If We Only Had a Brain

Posted on February 5, 2012. Filed under: Culture | Tags: , , , , , , , , |


Last week, I tried to illustrate that I was guilty of putting faith in something I knew very little about. But I’m not so sure that (my lack of) thinking is reserved for the secular world alone. Do Christians today focus too much on how we feel?  Do we rely too much on heart-felt experiences to guide our ‘faith’? Are we just trying to bypass the mind and  fulfill the emotional needs of our hearts?

Obviously, the heart is important because we generally won’t do something we feel is wrong (Proverbs 4:23). But scripture also warns us of the importance of using our head.

Some might be familiar with the Shema, probably the most important prayer in Judaism, which is found in the book of Deuteronomy (Deut 6:4-9). This was the prayer that baby Jesus probably said when he went to bed. While it’s content is enough for another post, it is important to note that the Lord calls the Hebrews to continually think about His words or as He said, “bind them on your foreheads” (some took this a little too literal). God tells us that we should contemplate His words each day and use it, not our feelings, to purposefully guiding our actions.

What happens when we just ignore the Bible (or remain ignorant on its content)? The New Testament warns that if we do not “retain the knowledge of God,” we become corrupt, and give into our sinful nature (Romans 1:28). Eventually, our character becomes schizophrenic as we preach one lifestyle and live another (James 1:8). This is probably one reason why the world has negative opinions about us, sometimes we’re hypocrites.

Paul wrote, “We use God’s mighty weapons, not worldly weapons, to knock down the strongholds of human reasoning and to destroy false arguments. We destroy every proud obstacle that keeps people from knowing God. We capture their rebellious thoughts and teach them to obey Christ” (2 Cor 10:4-5). Here, Paul wasn’t warning that our heart would deceive us, but that our mind would fall under attack from deceivers (which are inside the Church as well). Christians are  called to fight false arguments that keep us from God. While some arguments might be obvious, the majority of them aren’t. The lies we give into are the ones we are either are not aware of because they are subtle or they are the ones we want to believe (Proverbs 22:3Romans 16:17-18).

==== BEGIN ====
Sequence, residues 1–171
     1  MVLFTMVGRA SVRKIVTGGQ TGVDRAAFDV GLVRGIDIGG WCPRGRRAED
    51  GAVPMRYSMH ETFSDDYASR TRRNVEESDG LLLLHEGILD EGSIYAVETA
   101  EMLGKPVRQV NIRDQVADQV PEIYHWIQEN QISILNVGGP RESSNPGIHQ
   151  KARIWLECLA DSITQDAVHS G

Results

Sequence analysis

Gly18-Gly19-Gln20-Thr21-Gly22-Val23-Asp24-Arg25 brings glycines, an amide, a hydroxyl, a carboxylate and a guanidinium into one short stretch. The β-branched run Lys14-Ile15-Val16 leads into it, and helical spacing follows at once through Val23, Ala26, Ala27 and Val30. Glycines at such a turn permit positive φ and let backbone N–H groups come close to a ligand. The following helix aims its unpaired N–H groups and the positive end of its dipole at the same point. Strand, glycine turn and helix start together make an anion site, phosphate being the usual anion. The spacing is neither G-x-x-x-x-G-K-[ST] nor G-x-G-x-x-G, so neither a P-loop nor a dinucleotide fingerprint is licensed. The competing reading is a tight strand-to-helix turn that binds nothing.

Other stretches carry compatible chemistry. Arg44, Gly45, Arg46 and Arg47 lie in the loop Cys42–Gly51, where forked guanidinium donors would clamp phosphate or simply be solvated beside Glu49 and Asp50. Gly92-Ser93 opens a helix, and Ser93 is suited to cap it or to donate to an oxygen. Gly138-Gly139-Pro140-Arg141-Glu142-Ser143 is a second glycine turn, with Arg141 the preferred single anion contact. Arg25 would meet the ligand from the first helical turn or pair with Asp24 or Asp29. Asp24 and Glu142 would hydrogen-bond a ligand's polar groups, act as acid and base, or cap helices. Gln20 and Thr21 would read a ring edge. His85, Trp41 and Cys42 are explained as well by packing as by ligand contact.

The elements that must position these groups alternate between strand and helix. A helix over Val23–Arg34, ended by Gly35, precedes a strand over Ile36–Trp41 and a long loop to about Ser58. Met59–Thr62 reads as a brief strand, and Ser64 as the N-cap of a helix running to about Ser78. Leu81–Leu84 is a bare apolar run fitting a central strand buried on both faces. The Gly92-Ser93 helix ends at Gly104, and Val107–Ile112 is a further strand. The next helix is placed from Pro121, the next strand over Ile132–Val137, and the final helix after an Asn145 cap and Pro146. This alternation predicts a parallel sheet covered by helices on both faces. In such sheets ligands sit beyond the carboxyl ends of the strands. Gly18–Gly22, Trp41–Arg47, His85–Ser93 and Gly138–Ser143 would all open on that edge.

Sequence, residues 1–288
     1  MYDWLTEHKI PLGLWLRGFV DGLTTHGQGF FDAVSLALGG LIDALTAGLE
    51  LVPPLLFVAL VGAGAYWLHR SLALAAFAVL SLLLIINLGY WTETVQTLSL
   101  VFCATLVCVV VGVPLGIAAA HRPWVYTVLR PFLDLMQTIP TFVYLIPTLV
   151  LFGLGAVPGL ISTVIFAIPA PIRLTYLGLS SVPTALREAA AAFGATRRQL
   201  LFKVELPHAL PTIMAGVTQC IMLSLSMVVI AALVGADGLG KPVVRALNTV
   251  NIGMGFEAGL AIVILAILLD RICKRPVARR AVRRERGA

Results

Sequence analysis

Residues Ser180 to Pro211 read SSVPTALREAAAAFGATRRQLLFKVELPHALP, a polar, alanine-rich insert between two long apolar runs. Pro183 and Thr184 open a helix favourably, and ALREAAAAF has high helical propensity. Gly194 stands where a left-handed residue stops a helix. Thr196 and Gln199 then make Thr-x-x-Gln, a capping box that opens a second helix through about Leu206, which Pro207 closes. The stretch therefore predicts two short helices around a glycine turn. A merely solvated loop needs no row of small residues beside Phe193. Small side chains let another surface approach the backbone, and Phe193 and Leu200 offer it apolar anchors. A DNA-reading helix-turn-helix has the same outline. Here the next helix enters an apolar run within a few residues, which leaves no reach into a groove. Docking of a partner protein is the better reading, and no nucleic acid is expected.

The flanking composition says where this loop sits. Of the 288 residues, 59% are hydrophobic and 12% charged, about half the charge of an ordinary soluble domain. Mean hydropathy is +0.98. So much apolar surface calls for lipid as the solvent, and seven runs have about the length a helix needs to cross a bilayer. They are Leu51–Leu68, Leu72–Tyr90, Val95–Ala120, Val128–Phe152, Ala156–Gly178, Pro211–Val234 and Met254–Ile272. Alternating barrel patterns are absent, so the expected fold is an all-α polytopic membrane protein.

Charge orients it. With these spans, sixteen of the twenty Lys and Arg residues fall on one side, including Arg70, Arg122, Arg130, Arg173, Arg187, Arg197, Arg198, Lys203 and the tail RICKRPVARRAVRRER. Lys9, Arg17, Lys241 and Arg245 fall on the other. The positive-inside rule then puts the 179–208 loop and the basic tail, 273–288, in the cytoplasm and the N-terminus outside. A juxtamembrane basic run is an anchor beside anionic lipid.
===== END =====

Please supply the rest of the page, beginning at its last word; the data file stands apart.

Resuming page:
So, how do we defend ourselves in the battle of wits? Certainly not by shutting off our mind. God wants us to use our heads as He commanded us to do so (Deut 6:8). He doesn’t want us to become the stereotypical ‘blind-faith’ Christian that feels our way through life, which as we see inevitably leads us to sin. Instead, we are called to renewed our mind (wow, that would be a good name for a blog…) and become purposeful about how we think (Romans 12:2).

Inevitably, this all means Christians have to spend time reading, learning about, studying, and memorizing scriptures. We can’t claim to love God if we don’t take the time to know Him and what He is telling us. It’s His words, not our heart, that will show us His perfect will (Matt 15:19). After all, as a famous scarecrow once said, if your “head’s all full of stuff in’, your heart’s all full of pain.”

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6 Responses to “If We Only Had a Brain”

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I love the fact that you said ” we have to purposeful about how we think.” Its such a small thing that seems lost in our ever busy lives, but such an important part of our relationship with GOD. If we all thought purposefully, It would drastically change our lives. Thanks, really like this!

Thanks for the comment, Lacey. I know for me it’s not so much a matter of not thinking, it’s a matter of thinking how God wants us to/what He wants us to think about. Glad you enjoyed : )

[…] love God, love others as yourself (Mark 12:28-34). Specifically, he quotes the Shema I mentioned last week. God actually gives us some insight as to what love looks like in this commandment: “Love the […]

[…] the brainy stuff to the ministers and theologians, but I disagree (as you might have guessed from this post ). In fact, as Christians, we’re actually commanded to be able to defend our faith in […]

[…] love God, love others as yourself (Mark 12:28-34). Specifically, he quotes the Shema I mentioned last week. God actually gives us some insight as to what love looks like in this commandment: “Love the […]

[…] the brainy stuff to the ministers and theologians, but I disagree (as you might have guessed from this post ). In fact, as Christians, we’re actually commanded to be able to defend our faith in […]


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